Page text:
Indian Railways Reports
Diva Vasai Corridor : A sublime experience
Dr. Shirish Yande
Ever since Diva Vasai corridor opened up for the passenger traffic, my
journey on this section has always been during the dark hours of the
night so far. Apart from the perceptible curves, I never got to
explore the real charm of this section until March this year, when I
took the Pune Indore Express to Surat for a Medical Conference.
The train travels on this line during the twilight hours of the
evening, giving a thrilling experience of viewing this section in the
most spectacular way.
My train (powered by a WCAM-1 of Valsad shed) departed Kalyan Jn.
â€œright timeâ€ and reached Dombivali within 6 minutes. The train now
finds itself on the up line number 6 (going towards Mumbai). The AC
catenary work over the mainline is complete but awaits activation on
the first four lines. I guess the line no. 5 and 6 are already
activated, since the loco (WCAM-1) seemed to change the Pantograph
here. As the sun sets over the western horizon, the train slowly
leaves the mainline and scrambles over the long loop.
Now the fun begins. As it diverts on the huge curve of 270 degrees,
the temptation of looking back at the main line is simply
irresistible. Believe me, it is one of the most emotional moments in
the life of a Railfan in his railfanning career. The view of leaving
the mainline and taking another branch line has always been a moving
experience for me.
The view of the long curve is now apparent at this point and is simply
breathtaking even for a non rail buff (although I could spot very few
at the door at this time). As we complete the first 90 degrees of the
curve, the two lines of the triangle join us as if to console the
heart of a real Railfan. This particularly assures you that you are
not far away from the mainline. The train crawls at very low speed to
cross over the points.
Once across the points, it gathers speed and continues a very sharp
bend to run over the bridge across the mainline at the level of
Dombivali station again. This gives a fascinating view of the entire
train over a long time. It is also interesting since the train has
already travelled 4 kms by now to come back on the top of where it
commenced the diversion, i. e. over the Dombivali Station again. Itâ€™s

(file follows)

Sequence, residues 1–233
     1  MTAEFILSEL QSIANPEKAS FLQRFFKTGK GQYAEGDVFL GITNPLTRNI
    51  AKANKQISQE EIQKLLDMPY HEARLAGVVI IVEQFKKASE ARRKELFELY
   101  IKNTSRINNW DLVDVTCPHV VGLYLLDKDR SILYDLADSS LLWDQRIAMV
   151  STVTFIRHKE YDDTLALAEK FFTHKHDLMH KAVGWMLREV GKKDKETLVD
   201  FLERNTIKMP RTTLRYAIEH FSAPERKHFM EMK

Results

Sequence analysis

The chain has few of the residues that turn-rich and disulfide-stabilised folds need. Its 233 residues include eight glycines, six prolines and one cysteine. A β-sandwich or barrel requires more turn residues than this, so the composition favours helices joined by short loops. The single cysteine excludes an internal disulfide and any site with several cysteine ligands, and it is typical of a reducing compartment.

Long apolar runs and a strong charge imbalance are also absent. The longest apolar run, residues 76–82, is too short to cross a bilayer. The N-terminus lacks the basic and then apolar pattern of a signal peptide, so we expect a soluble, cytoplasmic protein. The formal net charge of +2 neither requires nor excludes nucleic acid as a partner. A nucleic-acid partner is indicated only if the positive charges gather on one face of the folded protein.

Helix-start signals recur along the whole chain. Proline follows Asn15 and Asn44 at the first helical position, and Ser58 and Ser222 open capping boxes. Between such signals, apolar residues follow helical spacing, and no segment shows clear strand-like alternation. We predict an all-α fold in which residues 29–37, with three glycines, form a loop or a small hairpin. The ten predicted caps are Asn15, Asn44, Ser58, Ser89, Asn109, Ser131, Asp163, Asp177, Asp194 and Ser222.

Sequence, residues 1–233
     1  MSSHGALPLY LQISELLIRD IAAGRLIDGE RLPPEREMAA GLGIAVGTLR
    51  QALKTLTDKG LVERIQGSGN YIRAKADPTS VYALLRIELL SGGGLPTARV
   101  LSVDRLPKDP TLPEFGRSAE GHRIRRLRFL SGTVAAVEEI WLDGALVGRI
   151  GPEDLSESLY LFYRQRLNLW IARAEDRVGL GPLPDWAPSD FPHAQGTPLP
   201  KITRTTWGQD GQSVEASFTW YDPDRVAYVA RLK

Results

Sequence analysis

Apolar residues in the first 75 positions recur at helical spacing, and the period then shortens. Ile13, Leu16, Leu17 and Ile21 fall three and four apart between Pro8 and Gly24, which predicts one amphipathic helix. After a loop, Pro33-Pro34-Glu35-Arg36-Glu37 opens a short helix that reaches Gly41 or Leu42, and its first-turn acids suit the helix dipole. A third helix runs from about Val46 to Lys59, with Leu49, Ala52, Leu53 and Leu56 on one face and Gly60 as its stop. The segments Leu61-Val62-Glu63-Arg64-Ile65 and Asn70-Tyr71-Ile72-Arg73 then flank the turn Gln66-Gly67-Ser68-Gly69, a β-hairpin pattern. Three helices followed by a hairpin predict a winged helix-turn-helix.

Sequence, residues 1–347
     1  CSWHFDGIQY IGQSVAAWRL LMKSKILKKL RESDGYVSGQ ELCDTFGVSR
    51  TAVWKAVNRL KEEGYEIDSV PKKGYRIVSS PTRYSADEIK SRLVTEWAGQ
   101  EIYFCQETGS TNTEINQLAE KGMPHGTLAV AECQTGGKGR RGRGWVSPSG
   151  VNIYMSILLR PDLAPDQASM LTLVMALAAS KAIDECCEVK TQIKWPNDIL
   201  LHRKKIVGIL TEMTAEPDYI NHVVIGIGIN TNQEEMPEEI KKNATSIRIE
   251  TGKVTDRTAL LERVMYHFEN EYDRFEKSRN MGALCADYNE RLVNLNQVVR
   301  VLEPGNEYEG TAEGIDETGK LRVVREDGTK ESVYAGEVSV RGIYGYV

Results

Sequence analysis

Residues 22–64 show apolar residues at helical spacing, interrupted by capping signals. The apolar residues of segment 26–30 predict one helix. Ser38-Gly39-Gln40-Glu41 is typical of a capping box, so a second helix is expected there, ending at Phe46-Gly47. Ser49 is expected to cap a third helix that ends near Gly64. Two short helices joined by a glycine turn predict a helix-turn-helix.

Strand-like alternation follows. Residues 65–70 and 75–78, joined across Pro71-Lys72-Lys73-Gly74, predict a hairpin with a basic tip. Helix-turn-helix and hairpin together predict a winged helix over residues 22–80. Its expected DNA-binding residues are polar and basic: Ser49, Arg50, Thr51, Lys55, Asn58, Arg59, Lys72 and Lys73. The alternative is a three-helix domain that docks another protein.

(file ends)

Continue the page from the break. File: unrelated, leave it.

a wonderful spectacle.
Soon we pass Kopar Road and approach the Bhivandi Road station, at
which the train halts for several minutes. We passed a loaded tank
rake carrying Anhydrous Ammonia here. As we leave Bhivandi Road
station, the Ulhas River makes a beautiful canvas for further run on
this section. This is particularly enchanting at the time when the sun
is about to set on the horizon. Here on the train runs through what
can be described a â€œvery rawâ€ terrain. This piece of land is
surprisingly underdeveloped given for its proximity to the huge
metropolis of Mumbai.
The track on this section is smooth and continuously welded, although
the soft sounds of the welded joints are distinctly audible over the
most of the journey. Yet the journey appears largely noiseless.
Surprisingly the train never speeds beyond 90 kms an hour on this
line; indeed it averages a meager 30 kms/ hour. This is mainly due to
heavy freight traffic on this line, compelling the train to brake
several times. Although a double line is a clear advantage, overtaking
a goods rake usually means diverting on a loop and then scrambling
back on the mainline. This maneuver easily eats away 15 minutes of the
schedule. IR have always assumed this time since most trains have a 90
to 100 min haul for this 38 km. run. Another prominent reason for a
longer time allowance is that these trains have to cross over to join
a very busy mainline section at either end.
The terrain is mostly level, although a few small mountains do appear
from time to time. There is a sharp contrast though, when you see an
AC electrified double line passing through a relatively underdeveloped
area. The viaducts are particularly beautiful on this line but one
must travel during the daylight to appreciate their beauty.
My return journey was exactly the same time the next day, this time on
Rajkot Coimbatore express headed by a WDM 3A of Erode shed. Having
arrived at Vasai 20 minutes ahead of schedule, we halted for a long
time at Vasai. The departure from Vasai was no different than the
previous evening, while we leave the mainline in much the similar
manner, except that there are DC to AC converted catenary structures
seen on the track close to Vasai Road station. The curve is much
gentler on this side, but what is most disappointing is the absence of
a triangle on this end. IR do have limitations of space, but imagine
how nice and convenient it would have been to have a triangle on this
end as well. It would have allowed trains from the Western Railway
terminuses to divert on the main southeast corridor from Mumbai.
What I noticed on this leg of the journey was a WAG 7 heading a box
wagon rake at Juchandra station. By the way all stations on this
section are small and tidy. Bhivandi road is perhaps the largest on
the route. I also came across a single traction substation on this
IR has so many wonderful sections that a Railway enthusiast can barely
cover. But Diva Vasai is a very special section on the IR and offers a
lot for a railway enthusiast.
My arrival at Kalyan Jn. at 19 40 hrs marked the end of the day as
well as end of what can be called one of the most charming journeys I
have ever had.
Note: I strongly recommend the members to
visit the photos
that describe this section much more vividly. They are available on one of
the Picasa albums, here:
Material provided by Dr. Shirish Yande, Copyright © 2010.